MIAMI, FL (EFE).- The new cultural center at Mission San Luis in Tallahassee, which during the 17th century was an important Spanish military and religious enclave in Florida, will now serve to showcase the importance of the Hispanic historical legacy in the United States.
In the new cultural center covering 2,200 square meters (23,650 square feet) that was inaugurated over the weekend are exhibitions of objects from the Spanish colonial period, lecture halls for workshops and seminars, as well as a gift shop.
The new building and museum will give the mission new purpose and will arouse interest among history lovers who want to learn about this unique legacy of Spanish colonization, director Bonnie McEwan said.
Florida Gov. Charlie Crist at the inauguration referred to the importance of the cultural center in this "new chapter in the 350 years of history of the Mission San Luis," the only such establishment in Florida besides St. Augustine's still-surviving Mission Nombre de Dios.
Spanish Consul General in Florida Santiago Cabanas said that the new cultural center "is a highly important archaeological relic of Spain's historical legacy in the United States."
The cultural center "first, puts San Luis on the map and, secondly, shows the state of Florida's commitment to its colonial past and its interest in preserving its history," Cabanas said.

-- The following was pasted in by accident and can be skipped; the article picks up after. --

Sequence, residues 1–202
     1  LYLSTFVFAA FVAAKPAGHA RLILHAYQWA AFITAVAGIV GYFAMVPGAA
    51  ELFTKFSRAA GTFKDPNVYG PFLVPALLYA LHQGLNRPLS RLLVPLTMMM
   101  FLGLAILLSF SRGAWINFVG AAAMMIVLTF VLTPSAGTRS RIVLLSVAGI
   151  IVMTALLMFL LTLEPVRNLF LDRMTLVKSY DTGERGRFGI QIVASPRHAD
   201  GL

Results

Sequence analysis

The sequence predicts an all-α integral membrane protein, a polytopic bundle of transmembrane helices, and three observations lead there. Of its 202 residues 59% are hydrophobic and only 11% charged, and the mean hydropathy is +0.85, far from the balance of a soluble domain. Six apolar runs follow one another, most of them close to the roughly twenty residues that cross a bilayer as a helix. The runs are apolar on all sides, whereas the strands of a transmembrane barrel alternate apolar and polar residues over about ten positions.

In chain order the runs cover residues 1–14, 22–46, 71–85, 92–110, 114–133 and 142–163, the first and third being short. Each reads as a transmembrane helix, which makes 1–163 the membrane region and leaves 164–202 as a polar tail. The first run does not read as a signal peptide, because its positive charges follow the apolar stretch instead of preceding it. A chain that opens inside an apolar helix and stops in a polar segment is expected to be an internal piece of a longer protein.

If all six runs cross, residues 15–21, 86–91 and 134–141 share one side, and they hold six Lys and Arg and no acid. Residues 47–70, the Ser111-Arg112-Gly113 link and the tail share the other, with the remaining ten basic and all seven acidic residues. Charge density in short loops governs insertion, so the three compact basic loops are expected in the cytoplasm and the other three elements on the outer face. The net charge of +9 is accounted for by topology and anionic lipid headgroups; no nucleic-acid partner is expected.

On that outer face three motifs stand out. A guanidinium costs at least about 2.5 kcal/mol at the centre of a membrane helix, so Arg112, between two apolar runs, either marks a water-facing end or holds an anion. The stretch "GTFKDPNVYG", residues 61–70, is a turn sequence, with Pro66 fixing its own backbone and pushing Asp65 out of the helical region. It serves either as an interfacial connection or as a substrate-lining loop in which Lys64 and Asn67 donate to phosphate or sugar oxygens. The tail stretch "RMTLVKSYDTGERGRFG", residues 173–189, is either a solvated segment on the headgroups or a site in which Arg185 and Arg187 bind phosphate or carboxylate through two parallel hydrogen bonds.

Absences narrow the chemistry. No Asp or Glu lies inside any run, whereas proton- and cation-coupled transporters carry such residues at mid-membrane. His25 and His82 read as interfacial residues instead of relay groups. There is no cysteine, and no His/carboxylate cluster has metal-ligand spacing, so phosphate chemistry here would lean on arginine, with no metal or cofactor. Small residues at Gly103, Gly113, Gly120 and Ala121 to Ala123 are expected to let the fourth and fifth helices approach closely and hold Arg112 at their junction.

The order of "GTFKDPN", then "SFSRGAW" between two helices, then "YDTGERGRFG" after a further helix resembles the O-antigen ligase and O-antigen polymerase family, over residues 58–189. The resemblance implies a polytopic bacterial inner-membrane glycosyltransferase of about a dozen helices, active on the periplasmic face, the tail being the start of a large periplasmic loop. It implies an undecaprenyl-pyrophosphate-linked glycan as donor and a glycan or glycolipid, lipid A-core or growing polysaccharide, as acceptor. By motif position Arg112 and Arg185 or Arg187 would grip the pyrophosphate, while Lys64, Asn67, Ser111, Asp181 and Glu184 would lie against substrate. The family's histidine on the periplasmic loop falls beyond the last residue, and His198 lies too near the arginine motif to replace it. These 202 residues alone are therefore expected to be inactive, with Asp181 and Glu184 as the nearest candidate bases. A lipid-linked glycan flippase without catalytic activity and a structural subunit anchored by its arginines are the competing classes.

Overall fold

More than a century before the first Spanish mission was established in California, the San Luis settlement in Tallahassee, the capital of Florida, was already prospering, the frontier of the colonial empire that in 1650 traded with Cuba and other Latin American colonies.
San Luis was also one of the few settlements where the natives of these lands, the Apalachee Indians, and the Franciscan priests, Spanish colonists and soldiers coexisted in harmony for close to three generations.
"It was an excellent example of the coexistence of colonists, clergy and the Apalachee Indian population," Cabanas said, adding that the archaeological value of the mission is evident in the simple fact that it has been declared a national historical monument by the U.S. authorities.
Conversion to the new religion was voluntary there and the Spanish colonists, unlike the British in the northern United States, integrated with the natives of the area, experts say.
The Spanish Crown, in fact, at that time promoted interracial marriages between Spaniards and natives, which rapidly created a mixed race that observed both European traditions and indigenous customs.
At its height, close to 1,400 Apalachee Indians and hundreds of Spaniards lived together at Mission San Luis, built around the church and the military fortress that have been restored.
At the beginning of the 18th century, after a series of British attacks and invasions launched from the Carolinas, the mission was abandoned and burned by the Spaniards and their Apalachee allies.
With the new cultural center at Mission San Luis, the state of Florida aims to preserve the Spanish historical legacy on the occasion of the 5th centennial of the arrival in Florida of the Spaniard Juan Ponce de Leon in 1513. EFE